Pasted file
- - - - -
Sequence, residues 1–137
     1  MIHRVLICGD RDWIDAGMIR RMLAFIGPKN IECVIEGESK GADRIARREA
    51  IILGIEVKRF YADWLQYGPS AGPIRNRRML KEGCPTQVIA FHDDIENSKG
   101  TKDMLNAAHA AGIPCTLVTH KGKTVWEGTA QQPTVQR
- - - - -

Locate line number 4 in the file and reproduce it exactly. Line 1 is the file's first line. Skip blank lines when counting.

   101  TKDMLNAAHA AGIPCTLVTH KGKTVWEGTA QQPTVQR